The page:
If it ever feels like construction never ends here in New York City, that’s because sometimes it really doesn’t— like what started out as a much-needed infrastructure upgrade along a busy Upper East Side avenue and has turned into a longtime eyesore as the project delays mount. Now, the site is set to get a glow up thanks to some UES students.
“I am excited to give local students an opportunity to give back to their community and ameliorate an eyesore sight for many residents in our area,” said Council Member Julie Menin, announcing the new neighborhood beautification initiative.
Construction has been underway on the nearly three block stretch of York Avenue between East 61st and 63rd Streets for almost seven years, according to Upper East Side City Council Member Julie Menin, starting in late 2015 to repair and replace water mains and sewers in that area.
Unfortunately, Menin says delays from private utility companies— which need to relocate their infrastructure for the project to proceed— have caused the project to languish, pushing the completion date back to 2024.
Since the eyesore has at least another two years in the neighborhood, Council Member Menin’s Office has teamed up with the NYC Department of Design and Construction, or DDC, who is in charge of the project and public school students at PS 183, located on East 66th Street, not far from the construction site.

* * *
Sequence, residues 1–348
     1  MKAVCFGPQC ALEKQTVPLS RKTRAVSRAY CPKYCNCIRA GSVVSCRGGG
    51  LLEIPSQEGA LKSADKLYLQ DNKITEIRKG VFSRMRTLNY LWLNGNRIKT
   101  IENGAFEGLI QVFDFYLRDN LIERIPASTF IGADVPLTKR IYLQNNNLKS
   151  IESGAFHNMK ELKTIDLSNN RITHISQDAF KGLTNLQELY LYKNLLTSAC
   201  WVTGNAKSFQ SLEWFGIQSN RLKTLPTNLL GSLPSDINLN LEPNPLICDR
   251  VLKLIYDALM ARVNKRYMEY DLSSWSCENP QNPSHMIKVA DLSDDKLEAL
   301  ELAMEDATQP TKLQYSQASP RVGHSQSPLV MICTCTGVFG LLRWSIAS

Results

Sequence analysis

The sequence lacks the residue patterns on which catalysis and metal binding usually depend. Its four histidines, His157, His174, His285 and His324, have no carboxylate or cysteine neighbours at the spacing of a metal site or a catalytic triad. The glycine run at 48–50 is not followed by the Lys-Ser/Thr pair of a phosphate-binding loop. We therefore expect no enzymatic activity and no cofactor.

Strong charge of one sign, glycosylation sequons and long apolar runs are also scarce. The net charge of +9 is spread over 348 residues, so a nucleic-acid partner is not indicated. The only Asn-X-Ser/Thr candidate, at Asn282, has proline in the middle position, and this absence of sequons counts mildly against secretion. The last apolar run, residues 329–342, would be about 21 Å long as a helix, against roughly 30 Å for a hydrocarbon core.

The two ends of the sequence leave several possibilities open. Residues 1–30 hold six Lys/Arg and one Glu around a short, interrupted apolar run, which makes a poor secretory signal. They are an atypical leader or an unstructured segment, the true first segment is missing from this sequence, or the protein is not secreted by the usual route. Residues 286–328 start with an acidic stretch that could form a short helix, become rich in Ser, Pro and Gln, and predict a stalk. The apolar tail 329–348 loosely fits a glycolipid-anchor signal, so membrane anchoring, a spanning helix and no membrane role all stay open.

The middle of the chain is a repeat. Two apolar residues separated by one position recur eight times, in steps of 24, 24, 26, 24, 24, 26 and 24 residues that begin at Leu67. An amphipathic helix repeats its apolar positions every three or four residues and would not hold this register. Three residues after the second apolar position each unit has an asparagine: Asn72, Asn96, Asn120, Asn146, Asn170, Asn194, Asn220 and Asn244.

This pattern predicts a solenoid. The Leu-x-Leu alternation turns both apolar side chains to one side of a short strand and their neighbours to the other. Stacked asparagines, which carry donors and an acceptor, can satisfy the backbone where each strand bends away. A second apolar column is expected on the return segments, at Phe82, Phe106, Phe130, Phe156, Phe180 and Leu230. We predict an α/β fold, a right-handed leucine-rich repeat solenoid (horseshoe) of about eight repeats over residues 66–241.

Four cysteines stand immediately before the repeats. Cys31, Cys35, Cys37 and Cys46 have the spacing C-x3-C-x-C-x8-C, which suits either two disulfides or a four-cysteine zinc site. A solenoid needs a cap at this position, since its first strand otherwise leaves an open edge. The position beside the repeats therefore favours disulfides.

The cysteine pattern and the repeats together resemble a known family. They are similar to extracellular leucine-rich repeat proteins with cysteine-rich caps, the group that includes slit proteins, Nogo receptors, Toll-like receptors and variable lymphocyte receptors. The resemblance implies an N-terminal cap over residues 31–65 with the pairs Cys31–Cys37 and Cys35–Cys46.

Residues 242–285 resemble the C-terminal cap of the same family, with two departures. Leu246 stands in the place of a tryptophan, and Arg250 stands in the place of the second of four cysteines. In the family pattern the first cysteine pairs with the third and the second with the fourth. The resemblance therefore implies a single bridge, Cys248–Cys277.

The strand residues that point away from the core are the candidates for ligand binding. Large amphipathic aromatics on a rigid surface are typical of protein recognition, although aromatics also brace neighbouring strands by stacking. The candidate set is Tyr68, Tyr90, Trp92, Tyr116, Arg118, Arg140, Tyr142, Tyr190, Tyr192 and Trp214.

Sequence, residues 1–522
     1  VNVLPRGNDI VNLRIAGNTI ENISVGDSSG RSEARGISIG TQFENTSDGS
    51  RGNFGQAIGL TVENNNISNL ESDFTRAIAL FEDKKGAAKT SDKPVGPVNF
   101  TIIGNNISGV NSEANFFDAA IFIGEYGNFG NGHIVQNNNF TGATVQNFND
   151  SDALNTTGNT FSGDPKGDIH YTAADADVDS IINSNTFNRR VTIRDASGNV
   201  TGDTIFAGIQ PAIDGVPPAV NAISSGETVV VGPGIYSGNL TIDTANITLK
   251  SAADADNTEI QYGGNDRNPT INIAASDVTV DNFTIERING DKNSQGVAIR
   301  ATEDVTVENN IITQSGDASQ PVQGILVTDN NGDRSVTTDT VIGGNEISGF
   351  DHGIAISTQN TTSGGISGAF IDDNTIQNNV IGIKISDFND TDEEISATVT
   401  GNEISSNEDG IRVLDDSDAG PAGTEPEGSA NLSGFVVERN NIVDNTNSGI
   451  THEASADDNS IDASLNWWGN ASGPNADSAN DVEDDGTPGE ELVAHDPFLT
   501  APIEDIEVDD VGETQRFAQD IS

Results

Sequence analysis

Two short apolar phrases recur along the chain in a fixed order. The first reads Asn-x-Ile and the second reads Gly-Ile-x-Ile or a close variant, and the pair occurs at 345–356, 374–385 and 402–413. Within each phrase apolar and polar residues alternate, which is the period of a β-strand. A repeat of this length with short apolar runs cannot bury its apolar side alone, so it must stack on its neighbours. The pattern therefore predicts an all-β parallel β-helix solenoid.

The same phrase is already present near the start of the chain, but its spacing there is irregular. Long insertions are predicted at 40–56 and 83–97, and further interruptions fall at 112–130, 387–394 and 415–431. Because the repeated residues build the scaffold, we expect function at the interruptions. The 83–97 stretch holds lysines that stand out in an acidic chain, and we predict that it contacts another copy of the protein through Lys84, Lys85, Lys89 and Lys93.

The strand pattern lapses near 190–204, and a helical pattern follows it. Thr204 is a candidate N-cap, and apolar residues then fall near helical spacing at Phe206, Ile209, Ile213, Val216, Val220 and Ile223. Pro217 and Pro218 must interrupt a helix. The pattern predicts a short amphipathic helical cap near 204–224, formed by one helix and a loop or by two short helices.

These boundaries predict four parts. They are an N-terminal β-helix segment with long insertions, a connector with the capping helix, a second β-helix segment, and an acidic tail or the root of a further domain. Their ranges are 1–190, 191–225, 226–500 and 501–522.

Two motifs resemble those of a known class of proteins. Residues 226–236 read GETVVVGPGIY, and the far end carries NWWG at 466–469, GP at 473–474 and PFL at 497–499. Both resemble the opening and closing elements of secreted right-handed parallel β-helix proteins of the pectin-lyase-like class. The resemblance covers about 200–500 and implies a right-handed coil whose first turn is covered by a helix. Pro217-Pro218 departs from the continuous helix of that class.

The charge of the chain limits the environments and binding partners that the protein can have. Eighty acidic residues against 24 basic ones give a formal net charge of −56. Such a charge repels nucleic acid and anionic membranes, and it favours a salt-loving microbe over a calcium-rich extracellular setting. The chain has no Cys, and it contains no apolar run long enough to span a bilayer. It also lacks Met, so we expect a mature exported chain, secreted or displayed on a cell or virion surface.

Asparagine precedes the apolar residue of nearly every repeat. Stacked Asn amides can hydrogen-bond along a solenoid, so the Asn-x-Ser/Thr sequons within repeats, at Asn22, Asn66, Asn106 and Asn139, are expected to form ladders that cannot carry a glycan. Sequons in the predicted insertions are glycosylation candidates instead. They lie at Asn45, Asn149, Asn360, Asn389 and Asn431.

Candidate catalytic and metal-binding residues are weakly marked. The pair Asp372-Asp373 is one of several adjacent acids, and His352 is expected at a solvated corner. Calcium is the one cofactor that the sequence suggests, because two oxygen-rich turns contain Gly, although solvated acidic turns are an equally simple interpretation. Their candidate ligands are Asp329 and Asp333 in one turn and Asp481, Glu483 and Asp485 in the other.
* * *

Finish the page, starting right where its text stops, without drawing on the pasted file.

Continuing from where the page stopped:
“Giving these students a public arts project is a constructive way for our youth to express their imagination and to be creative,” Menin explained.
About 50 fifth graders from PS 183 will create panels of artwork with the theme ‘Scenes from the City,’ Menin says, which will be used to surround the ugly construction fencing and tarps occupying a traffic lane and half of the sidewalk on York Avenue between East 61st and 63rd Streets.
“We encourage students to think hard about New York City and what it means to them,” said DDC Commissioner Thomas Foley, “the values it represents and the healthy lifestyle choices it promotes for both for personal and environmental health.”
“It is exciting to have a city council member who has the foresight to turn an eyesore into an enriching learning experience,” said Judy Schneider, East Sixties Neighborhood Association Executive Vice President.
The student artwork will be unveiled during a ceremony later this fall, however, a date has not yet been set.
“I can’t wait for the community to see this project,” Menin added.